Always on the lookout for a rival to the Kalpna
to take my Mum to on her visits,
this place was recommended by Dave at work, and since he's a vegetarian too he must know what he's talking about.
Turns out he did - the food was really excellent, and beautifully spiced if very mild;
probably some the best haute Indian cuisine I've ever had.
According to our waitress Mithas is the sister establishment to what claims to be Edinburgh's first Indian restaurant -
opened in 1947 and now moved to Antigua Street, at the top of Leith Walk.
And also possibly related to Khushi's Diner
on West Nicolson Street.
Though it's quite hard to be sure - there seem to be plenty of Khushi
restaurants in Edinburgh
almost all of them claiming to be either the oldest
, the famous
or the original
Actually I understood the waitress to be saying that Khusi's was her sister's restaurant, but I think that was just her poor English talking.
Mum had already decided her starter from the online menu and went with the intriguing
which were more like little patties. It turns out that the two do go quite well together, though they flavours were perhaps a little submerged
in the collection of vegetables and mild spices.
I had which arrived in their shells with a colourful, delicate,
if thin sauce. The scallops were perfectly cooked (which would be astonishing in any run-of-the-mill Indian restaurant), and the sauce excellent.
Whilst waiting we sipped away at our Mango Lassis - which were just fantastic. I have no idea what they put in them, but they were definitely the best I've tasted.
I wondered if perhaps they had used palm sugar, or jiggery or something to give them such a deep sweetness,
but our waitress assured us that it was just plain white sugar.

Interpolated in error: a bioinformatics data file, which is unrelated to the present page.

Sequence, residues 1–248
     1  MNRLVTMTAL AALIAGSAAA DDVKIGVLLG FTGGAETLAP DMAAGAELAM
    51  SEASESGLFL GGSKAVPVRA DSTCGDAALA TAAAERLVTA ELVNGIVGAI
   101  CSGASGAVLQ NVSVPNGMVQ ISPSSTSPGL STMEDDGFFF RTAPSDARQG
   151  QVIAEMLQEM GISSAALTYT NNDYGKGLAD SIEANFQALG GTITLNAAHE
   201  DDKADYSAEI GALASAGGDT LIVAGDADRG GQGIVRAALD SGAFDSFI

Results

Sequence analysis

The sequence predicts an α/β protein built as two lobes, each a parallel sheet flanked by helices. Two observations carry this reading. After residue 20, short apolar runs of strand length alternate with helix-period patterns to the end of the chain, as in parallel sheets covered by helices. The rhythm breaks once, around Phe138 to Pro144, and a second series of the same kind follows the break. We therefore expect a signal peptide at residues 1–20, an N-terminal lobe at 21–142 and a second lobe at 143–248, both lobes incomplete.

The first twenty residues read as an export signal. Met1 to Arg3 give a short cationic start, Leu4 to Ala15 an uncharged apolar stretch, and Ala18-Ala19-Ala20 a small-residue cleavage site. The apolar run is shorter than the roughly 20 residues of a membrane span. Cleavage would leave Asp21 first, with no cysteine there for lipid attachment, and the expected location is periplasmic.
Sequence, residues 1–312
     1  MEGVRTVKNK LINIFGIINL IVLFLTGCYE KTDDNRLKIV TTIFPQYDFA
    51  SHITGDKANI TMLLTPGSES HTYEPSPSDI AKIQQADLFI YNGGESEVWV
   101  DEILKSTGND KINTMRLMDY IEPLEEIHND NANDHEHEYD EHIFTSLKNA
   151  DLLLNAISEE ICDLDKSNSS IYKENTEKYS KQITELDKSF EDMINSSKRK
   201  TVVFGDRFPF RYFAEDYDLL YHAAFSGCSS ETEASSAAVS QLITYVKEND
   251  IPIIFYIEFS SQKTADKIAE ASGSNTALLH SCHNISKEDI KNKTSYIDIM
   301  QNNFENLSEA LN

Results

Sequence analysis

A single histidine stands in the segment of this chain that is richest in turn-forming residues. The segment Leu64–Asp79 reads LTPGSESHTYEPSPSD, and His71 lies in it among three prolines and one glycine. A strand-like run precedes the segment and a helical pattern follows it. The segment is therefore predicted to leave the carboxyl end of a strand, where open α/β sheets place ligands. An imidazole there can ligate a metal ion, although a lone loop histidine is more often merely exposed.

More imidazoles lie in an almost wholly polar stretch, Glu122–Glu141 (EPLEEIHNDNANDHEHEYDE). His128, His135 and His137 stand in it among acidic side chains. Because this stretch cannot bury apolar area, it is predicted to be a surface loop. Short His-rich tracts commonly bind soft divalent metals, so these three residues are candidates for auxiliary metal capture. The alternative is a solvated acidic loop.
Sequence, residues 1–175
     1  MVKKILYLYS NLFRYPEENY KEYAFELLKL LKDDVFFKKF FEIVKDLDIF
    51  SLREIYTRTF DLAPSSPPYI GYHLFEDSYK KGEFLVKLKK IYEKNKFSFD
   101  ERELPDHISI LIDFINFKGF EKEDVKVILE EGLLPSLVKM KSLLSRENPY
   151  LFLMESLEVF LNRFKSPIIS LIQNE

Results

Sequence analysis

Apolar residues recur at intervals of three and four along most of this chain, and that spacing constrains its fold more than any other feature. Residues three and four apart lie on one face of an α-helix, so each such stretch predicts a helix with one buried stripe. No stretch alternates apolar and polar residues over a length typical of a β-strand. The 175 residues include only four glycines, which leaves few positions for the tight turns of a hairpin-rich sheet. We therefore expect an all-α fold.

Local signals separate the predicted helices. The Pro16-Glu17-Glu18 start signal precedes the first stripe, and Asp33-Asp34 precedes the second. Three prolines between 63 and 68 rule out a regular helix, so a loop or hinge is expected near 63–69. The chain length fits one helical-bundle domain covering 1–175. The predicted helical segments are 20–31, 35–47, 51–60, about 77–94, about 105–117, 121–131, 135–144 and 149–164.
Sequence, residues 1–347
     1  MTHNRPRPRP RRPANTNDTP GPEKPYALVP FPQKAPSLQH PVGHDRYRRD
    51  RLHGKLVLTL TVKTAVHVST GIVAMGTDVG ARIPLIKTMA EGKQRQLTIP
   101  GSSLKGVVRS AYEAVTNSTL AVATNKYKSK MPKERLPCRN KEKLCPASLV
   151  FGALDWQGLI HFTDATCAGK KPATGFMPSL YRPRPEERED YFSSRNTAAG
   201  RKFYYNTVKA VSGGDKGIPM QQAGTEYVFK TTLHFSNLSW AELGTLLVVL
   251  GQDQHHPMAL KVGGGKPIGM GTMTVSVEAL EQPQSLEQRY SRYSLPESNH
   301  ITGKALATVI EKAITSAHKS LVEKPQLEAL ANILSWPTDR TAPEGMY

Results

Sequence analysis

But then she thought her sister owned Khushi's so what did she know?
We were also served small cups of a slightly to keep us occupied,
which reminded me a little of Mulligatawny. It was full, rich and gently warming. A most excellent soup.
My main course of generous hunks of was well-spiced, and more than filling,
but perhaps a little dry. It came with no sauce. Fortunately we had also ordered side dishes of
and Mushrooms and Chestnuts
which offered plenty of moisture
though in fact the leftover coconut sauce from my scallops was perhaps a better match.
At least, we believed
we had ordered Mushrooms and Chestnuts
, which we thought sounded pretty interesting,
and particularly as Mum brought me up a bag of Kentish cobnuts from her recent visit to my sister in, wait for it, Kent.
I'd found a
Raw ceps with cobnuts
salad to try them out, and this dish seemed coincidentally very similar.
Anyway, it turned out to actually be - a rather different dish.
But it still worked. In fact it probably worked better - the water chestnuts weren't so crunchy as to overwhelm the mushrooms
and they complement each other pretty well.
We thought the brinjal (aubergine) wasn't quite up to the Kalpna's standards
but since they don't make theirs any more this is the only brinjal game in town.
I was dubious about Mum's choice of since my experiences of Indian fish tends to include
eyes, tails and a full skeleton. But I needn't have worried, they had successfully filleted out almost all the bones and there was no head in sight.
The sauce was rich, thick and vibrant, and I quite liked their little joke of tucking a few chips underneath the fish too.
Unfortunately, due to their odd refusal to provide us with the leftovers in doggy bags - rather snidely announcing that they were
not a takeaway
we were forced to eat all our over-enthusiastic orders and had no room for dessert.
Which is a pity, because according to Dave their desserts are the best part.
Maybe next time.
Mind you, given that we spent £76 on what we had (and yes, that's without drink - they are BYOB),
maybe it was a good thing we couldn't eat any more!